Like old fashioned windmills, modern wind machines use blades to collect the wind’s kinetic energy
Basic design developed by Persians 800 A.D.
Early use to pump water and grind grain
As the wind flows over the wing- shaped blades, lift causes the blades to turn
The blades are connected to a drive shaft that turns an electric generator to produce electricity
The Basics – Part Two Large wind turbines generate enough electricity for 600 homes 3.1 Usually placed in high wind areas in tens and sometimes in hundreds Vertical windmills generate 50% more electricity than horizontal windmills
World Wind Energy At the end of 2007, worldwide capacity was 94.1 gigawatts About one percent of world-wide electricity Fivefold increase between 2000 and 2007 On one windy morning in March, 2009, Spain produced 40 percent of its electrical demand with wind Global wind capacity grew 29% in 2008, and U.S. surpassed Germany to lead world in generating wind power 4.1 Wind power produces about 1.5% of worldwide electricity use
T housands of wind turbines currently in operation with a total capacity (2008) of 121,188 MW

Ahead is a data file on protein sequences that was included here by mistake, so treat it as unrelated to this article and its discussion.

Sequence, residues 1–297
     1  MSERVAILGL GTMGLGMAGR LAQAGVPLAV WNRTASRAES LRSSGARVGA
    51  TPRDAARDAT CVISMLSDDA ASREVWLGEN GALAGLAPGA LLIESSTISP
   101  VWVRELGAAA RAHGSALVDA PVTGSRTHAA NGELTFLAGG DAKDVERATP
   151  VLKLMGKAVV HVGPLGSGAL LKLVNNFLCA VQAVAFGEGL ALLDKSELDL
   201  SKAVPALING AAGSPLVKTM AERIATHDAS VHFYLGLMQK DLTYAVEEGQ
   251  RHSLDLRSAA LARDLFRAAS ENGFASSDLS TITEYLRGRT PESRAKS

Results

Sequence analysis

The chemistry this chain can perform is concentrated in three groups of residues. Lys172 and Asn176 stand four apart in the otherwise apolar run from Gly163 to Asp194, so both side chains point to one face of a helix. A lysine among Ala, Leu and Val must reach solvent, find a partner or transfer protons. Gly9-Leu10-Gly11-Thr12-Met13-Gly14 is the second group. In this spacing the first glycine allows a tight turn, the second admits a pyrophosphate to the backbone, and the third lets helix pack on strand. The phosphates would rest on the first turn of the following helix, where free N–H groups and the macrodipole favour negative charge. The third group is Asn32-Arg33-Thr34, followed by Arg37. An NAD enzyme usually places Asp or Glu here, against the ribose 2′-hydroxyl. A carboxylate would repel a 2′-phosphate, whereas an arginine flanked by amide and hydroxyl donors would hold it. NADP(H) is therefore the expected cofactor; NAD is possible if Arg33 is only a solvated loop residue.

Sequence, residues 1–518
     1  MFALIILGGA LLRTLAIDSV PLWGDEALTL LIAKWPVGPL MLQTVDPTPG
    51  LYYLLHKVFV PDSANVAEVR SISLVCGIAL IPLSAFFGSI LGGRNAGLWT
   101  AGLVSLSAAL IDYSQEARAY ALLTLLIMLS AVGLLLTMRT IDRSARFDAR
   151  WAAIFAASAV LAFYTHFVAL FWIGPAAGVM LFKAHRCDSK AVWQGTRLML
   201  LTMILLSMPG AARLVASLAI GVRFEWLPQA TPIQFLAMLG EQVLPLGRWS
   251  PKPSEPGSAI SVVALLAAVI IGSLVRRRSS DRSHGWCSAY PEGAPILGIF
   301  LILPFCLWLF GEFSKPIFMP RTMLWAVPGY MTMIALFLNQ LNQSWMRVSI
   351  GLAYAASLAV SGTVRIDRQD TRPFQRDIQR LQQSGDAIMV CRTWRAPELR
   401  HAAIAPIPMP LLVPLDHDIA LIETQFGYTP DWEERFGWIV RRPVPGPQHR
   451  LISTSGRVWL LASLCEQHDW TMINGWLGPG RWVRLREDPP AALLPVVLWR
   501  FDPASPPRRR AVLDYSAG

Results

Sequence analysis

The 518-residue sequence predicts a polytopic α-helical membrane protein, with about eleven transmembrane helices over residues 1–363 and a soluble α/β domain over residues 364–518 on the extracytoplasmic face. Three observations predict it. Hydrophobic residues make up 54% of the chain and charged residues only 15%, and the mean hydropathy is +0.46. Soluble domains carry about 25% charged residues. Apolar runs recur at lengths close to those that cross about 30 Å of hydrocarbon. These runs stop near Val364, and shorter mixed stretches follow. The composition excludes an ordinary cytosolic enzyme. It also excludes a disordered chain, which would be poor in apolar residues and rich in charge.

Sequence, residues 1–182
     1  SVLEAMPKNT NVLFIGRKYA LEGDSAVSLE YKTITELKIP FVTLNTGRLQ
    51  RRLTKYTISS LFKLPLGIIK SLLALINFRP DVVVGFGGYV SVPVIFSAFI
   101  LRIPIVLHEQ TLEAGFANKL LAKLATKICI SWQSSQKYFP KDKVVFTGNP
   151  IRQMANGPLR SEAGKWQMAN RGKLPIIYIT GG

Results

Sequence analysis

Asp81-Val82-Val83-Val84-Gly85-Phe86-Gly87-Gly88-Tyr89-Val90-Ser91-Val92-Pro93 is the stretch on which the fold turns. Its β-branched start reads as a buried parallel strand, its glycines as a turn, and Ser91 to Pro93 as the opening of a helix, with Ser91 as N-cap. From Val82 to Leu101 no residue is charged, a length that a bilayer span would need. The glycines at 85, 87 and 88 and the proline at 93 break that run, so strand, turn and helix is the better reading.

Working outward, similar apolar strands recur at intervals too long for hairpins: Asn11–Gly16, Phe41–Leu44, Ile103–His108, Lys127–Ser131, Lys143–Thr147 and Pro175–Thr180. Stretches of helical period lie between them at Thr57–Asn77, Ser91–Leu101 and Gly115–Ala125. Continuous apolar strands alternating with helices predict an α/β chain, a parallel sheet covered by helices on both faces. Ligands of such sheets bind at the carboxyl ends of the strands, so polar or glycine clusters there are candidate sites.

Wind power in Europe accounts for 55% of the use
81% of wind power installations are in the US and Europe
The UK is building a 90 square mile (the “London Array”) offshore wind farm with 175 turbines producing 630 megawatts (MW) seven miles off the coast of Kent
A Stage Two ups the plan to 341 turbines and 1 gigawatt (GW) of power, enough for a quarter of all the homes in Greater London and by far the biggest off shore development in the world 5.1
U.S. Wind Energy After two decades, U.S. wind industry hit 10,000 megawatt capacity mark in 2006 By 2008, capacity doubled again to 27,000 megawatts Enough electricity to serve 7 million American homes or power a fleet of more than 1 million plug-in hybrid vehicles Enough energy to replace 28.7 million tons of coal or 90 million barrels of oil About 42% of all the new power-producing capacity completed in 2008
Wind Map of the U.S. Fair Good Excellent Outstanding Superb At the end of the third quarter of 2008, the states with the most cumulative wind power capacity installed are: Texas, with 6,297 MW; California, with 2,493 MW; Iowa, with 1,394 MW; Minnesota, with 1,377 MW; and Washington with 1,367 MW.